Aquivering army of white space invaders descends on a black video screen. Jabbing the controls with his thumbs. "Banana" George Blair snipes at the advancing aliens. Just as he wipes out the few remaining invaders, the machine resets with a renascent army, poised one row closer than the last. "These little creatures are a lot like me." Blair says. "You can't wear them out."
Banana George is nothing if not inexhaustible. He turns up unfailingly at the Cypress Gardens water ski show near Winter Haven. Fla., where he astounds audiences by barefooting at nearly 40 mph—with a tow rope held in his teeth. Well, almost unfailingly. Five years ago he broke his back while practicing in the lake behind his home in Winter Haven. It was a full 10 weeks before he could barefoot again, "I don't heal as fast as I used to," he alibis.
It's not a bad excuse. When he broke his back, he was 72.
Today the grand old banana man of barefooting is 77 years old, a small, gristly millionaire with the contented look of a guy who has devoted his life to good works. By force of his slightly idiosyncratic personality and his daredevil antics on water, he has become Cypress Gardens' top banana. One minute he'll slingshot off a 15-foot wall into Lake Eloise. The next he'll stand on a stool perched on top of a ski that resembles a small surfboard. As he leaves the water, he pulls a banana out of his wet suit and takes a bite. "I never water-skied until I was 40," Blair says with a curiously flat little grin. "But I've been eating bananas for as long as I can remember."
Bananas are his calling cards. "There's nothing more perfect than a banana," he says, perfectly serious. Chiquita ships him about two tons a year free of charge, and he dispenses them to anyone with an open hand. "They're my favorite fruit." he says, "my favorite color." When he speaks on the telephone, he prefers to use his banana-shaped desk model. (He invariably signs off with the line "Ski you later!")
Blair's passion for barefooting is rivaled only by his yearning for things yellow. His lemony speedboat has more than 400 gold-plated parts; he starts it with a gold-plated ignition key. His two Cadillacs are yellow, as are his wet suit and the drum set he keeps in his rumpus room. At Christmas most years he dons a yellow Santa suit to play Banana Clans at Cypress Gardens.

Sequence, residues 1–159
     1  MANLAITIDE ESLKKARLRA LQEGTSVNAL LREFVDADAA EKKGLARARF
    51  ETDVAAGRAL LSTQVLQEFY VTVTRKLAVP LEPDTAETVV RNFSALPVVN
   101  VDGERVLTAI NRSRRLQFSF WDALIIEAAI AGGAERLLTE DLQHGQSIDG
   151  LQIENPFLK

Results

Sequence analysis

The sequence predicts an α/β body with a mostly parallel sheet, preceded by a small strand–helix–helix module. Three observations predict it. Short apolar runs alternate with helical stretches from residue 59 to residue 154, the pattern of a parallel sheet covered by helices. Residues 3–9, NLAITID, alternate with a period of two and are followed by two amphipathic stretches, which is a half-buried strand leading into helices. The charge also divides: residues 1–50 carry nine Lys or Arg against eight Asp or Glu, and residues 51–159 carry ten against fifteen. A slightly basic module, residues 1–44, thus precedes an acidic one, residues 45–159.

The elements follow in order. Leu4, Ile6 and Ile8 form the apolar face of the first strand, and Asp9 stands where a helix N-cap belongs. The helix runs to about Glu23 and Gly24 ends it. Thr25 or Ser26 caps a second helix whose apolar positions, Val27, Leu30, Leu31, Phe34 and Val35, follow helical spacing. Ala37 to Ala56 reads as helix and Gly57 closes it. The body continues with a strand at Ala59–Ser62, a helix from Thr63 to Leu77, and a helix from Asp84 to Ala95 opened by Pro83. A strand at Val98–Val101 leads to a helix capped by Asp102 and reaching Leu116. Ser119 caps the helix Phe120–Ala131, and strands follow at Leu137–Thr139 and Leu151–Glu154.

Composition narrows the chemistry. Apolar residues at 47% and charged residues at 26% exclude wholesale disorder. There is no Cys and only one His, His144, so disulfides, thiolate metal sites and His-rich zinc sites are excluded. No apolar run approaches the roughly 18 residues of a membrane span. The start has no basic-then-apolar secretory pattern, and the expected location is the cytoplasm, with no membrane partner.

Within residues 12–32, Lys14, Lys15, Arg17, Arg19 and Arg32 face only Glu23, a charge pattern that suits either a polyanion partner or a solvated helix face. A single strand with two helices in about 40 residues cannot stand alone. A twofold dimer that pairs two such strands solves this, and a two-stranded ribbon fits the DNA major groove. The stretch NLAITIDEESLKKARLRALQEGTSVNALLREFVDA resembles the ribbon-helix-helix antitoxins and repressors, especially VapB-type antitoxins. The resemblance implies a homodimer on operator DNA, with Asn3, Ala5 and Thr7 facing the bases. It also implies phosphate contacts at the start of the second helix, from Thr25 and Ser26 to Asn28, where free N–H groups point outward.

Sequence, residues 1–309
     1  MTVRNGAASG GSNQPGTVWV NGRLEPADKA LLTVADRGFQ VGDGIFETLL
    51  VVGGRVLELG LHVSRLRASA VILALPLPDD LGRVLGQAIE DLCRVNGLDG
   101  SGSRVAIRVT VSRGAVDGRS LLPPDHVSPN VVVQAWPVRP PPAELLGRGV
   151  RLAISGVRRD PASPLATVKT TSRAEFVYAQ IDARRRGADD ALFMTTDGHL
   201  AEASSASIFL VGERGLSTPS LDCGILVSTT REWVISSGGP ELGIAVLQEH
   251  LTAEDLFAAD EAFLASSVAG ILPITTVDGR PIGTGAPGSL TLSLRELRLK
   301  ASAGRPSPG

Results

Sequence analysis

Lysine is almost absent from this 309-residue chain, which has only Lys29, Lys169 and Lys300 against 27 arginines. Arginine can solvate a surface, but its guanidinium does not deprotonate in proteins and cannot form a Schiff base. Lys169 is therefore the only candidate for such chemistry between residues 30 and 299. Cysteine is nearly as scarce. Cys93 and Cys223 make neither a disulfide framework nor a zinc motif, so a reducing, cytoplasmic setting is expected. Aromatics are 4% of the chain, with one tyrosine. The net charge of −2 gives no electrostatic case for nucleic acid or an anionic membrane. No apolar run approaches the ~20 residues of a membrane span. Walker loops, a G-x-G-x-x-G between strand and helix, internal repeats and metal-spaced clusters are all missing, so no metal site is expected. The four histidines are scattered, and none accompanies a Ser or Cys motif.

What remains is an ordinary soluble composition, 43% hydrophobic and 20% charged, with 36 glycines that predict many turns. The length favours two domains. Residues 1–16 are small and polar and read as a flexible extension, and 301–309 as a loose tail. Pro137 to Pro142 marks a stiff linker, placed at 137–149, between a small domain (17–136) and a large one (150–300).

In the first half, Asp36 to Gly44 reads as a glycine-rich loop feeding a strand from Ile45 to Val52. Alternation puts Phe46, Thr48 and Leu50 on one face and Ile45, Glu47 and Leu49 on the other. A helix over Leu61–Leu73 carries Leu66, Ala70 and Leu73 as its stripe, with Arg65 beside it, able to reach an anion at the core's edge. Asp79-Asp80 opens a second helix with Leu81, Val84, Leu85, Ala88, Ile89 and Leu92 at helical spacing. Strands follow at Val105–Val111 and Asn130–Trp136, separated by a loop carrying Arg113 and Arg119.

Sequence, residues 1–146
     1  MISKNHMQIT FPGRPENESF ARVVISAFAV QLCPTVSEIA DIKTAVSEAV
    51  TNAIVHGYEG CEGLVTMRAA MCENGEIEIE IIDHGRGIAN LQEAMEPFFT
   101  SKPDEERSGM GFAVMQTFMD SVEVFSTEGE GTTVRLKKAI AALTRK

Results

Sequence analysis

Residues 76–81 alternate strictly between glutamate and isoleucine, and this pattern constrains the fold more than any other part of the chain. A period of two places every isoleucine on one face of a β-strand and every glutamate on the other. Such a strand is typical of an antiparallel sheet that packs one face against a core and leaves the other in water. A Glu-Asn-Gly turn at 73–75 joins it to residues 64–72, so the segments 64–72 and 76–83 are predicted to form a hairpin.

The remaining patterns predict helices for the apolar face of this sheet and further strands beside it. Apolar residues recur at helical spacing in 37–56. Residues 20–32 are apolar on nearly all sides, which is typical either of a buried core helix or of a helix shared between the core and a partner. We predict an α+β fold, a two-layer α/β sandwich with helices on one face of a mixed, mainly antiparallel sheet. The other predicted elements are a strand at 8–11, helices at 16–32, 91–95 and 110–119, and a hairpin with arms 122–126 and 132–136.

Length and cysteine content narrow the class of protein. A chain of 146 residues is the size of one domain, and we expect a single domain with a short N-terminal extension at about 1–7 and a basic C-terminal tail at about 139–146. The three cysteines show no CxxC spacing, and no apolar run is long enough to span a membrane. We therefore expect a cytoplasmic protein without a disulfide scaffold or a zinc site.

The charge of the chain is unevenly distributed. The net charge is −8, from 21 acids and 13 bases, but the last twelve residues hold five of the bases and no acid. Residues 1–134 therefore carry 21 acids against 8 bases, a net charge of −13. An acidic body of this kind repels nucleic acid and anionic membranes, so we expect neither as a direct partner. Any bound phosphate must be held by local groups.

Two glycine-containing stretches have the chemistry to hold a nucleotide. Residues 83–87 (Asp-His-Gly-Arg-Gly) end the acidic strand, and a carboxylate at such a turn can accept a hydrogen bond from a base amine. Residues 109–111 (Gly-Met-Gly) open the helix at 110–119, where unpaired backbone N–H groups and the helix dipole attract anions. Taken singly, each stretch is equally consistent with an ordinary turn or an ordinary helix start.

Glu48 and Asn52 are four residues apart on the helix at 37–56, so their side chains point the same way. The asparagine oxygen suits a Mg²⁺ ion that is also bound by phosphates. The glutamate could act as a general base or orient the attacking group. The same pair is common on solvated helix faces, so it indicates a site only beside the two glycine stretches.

He's equally bananas ewer the Roman god Mercury. "My alter ego," Blair calls him. "He was fleet of foot in the air. I'm fleet of foot on water." To visit Blair's Winter Haven home is to risk Mercury poisoning. The rooms overflow with Mercury posters, cartoons, engravings. He has Mercury statuary in alabaster and bronze, marble and terracotta, as well as a 17th-century Belgian tapestry, an 18th-century oil by Giovanni Ferretti and two 20th-century lithographs by Salvador Dali.
Blair can indulge these Mercurial whimsies because he's very wealthy. Besides his lakefront estate in Winter Haven, he owns homes in New York City, Paris and Steamboat Springs, Colo. He is also very generous. He has donated more than $300,000 to the American Water Ski Educational Foundation, which makes him a sort of barefoot boy with check.
Yet for all his flamboyance, Blair is a fairly conservative businessman. "I've voted the GOP line my entire life," he says, which must make him a banana Republican. He made his fortune taking baby pictures as the founder of Hospital Portrait Service. He has also been a banker, an inventor, a country music impresario, an exterminator, a TV pitchman and retired. He didn't like retirement: He couldn't use up his energy. He's apt to bob up and down like a channel buoy to show you how much energy he has. "I feel more vital now than at any time in my life," he says.
He's thumbing through a scrapbook in his home office. He's decked out in a rather amazing yellow blazer and yellow slacks. His socks are a much paler yellow than his cowboy boots. His 10-gallon hat is paler still.